As usual, Charlie reminds us of something important. However, dedicated sitters with bent shafts usually have the seat mounted a little lower, so I think it might be worth mentioning that if a sitting paddler uses the same seat height as a kneeling paddler, there may be less need for a shorter paddle shaft. That's my guess, based on how it feels to me. My height in the boat doesn't seem to change all that much when switching between sitting and kneeling, but any of the dedicated bent-shaft users that I see are sitting noticeably closer to the bottom of the boat.

Speaking of which, one nice thing about the boat chosen by the OP is that the seat height can be changed pretty easily compared to some others. Trim the drops shorter to raise the seat, and build longer drops or order them from Eds Canoe to lower it.

Good point!
I had not noticed the asymmetrical grip. My first paddle had an asymmetrical grip (I didn’t even notice it when checking it out in the store since I was so clueless at the time), and I stopped using at just as soon as I’d acquired some basic skills. I like a grip that can be rolled in the palm, and one that allows a 180-degree spin of the shaft to not change anything regarding the next stroke.

My Experience
Probably like most, when I bought my first canoe I bought the least expensive paddle that seemed like a good value.

Discovered over time that the paddle, along with your arms and torso, is your motor. Over time kept buying a better blade - swing weight, intended use, etc. until 4 blades later I got the paddle that fit me best.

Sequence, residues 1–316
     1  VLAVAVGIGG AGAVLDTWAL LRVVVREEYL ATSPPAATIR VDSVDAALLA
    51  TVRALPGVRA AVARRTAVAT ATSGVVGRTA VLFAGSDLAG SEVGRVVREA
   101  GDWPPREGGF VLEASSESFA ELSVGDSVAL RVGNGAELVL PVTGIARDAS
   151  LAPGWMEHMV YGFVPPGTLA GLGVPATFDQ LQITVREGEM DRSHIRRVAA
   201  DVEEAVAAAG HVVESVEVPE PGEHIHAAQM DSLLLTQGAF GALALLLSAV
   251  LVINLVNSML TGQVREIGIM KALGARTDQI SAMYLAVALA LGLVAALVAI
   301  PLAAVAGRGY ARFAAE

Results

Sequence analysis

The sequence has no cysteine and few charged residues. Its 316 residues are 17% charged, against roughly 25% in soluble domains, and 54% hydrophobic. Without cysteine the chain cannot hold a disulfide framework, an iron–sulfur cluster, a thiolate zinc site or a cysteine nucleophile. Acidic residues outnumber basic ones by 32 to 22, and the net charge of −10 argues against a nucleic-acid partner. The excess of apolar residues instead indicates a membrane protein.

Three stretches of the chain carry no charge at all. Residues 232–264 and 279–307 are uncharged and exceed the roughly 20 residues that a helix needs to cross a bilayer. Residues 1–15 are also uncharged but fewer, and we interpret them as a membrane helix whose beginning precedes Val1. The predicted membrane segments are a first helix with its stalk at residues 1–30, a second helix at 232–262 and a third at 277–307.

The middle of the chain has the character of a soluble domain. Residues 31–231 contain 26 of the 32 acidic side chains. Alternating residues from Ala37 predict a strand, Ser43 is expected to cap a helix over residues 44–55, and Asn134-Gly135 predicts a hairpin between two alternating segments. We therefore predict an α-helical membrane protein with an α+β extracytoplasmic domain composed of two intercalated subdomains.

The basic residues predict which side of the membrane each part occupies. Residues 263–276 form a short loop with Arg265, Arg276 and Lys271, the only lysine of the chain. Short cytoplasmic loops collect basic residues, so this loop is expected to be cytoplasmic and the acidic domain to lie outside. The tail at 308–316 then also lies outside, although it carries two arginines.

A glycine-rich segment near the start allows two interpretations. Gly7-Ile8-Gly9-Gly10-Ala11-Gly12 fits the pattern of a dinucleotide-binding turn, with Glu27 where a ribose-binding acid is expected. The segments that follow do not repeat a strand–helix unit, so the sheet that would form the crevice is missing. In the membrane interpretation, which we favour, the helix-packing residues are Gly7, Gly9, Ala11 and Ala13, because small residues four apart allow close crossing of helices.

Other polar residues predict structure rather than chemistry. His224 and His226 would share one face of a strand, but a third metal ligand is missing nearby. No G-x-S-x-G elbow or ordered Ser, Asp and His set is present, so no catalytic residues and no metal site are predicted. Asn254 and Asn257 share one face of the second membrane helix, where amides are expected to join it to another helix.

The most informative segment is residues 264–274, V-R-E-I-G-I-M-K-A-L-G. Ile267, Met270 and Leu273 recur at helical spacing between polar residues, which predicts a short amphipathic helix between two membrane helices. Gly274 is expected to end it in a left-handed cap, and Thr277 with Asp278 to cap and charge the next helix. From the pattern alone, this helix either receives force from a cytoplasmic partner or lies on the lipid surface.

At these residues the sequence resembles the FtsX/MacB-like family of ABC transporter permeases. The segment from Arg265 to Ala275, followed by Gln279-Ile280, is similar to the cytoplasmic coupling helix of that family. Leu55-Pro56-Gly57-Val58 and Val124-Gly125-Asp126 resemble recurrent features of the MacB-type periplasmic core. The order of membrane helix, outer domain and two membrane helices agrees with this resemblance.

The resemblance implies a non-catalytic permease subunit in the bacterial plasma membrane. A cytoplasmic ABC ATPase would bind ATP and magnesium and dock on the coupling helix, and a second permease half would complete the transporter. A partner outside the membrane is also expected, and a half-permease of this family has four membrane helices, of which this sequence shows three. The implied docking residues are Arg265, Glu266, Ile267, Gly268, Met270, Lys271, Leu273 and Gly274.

So general thoughts I might share are, lighter paddles over a long day are easier on the body; too much blade cross section can hurt your joints, despite the power it provides in tough white water.

If you are buying 2 blades I’d suggest you get one that fits your budget and then one that is a step or two above. If you buy on the cheap and keep paddling, the cheap ones will get replaced by better paddles you buy. And fine paddles that are used are hard to find - seems like a fine boat is easier to find used.

I like these …

– Last Updated: Feb-01-12 9:04 PM EST –


You can buy them direct from Old Town Canoe Co. over the phone , they will send to your door ... 800-343-1555

I suggest a 57" and a 54" .

These were my 1st paddles . I have many other brand and types now but I still like the Carlisle Beavertails as much as any of the others and use them 90% of the time .

My other paddles are and have been Whiskey Jack paddles , Turtleworks , a Custom paddle made by a well respected maker here on , and a "very nice" paddle I made for myself , plus some plastic/aluminum paddles , plus some others that caught my eye ... everyone should have at least one plastic/aluminum (the Carlisle Golden Light is a nice one of those - green and gold) .

I've also bought 2 more of the Carlisle Beavertails since the 1st ones ... but I'm still using my 1st ones , I have the later ones for friends who borrow one of our canoes .

I've had my eye on the Bending Branches Expresso Plus for awhile now ...

From my experience a paddle ends up doing a bit more than just paddling . It gets used to push yourself through skinny and/or rocky waters sometimes , it helps push you off shore sometimes , it gets used like a ballance stick when stepping out of the canoe on a slippery or rocky river bank , and a number of other things . But if you only have your very pretty expensive and maybe more delicate paddle , it's unlikely you'll be willing use it for those rather important and almost certain things .

Even delicate paddles are pretty tough,

– Last Updated: Feb-01-12 11:05 PM EST –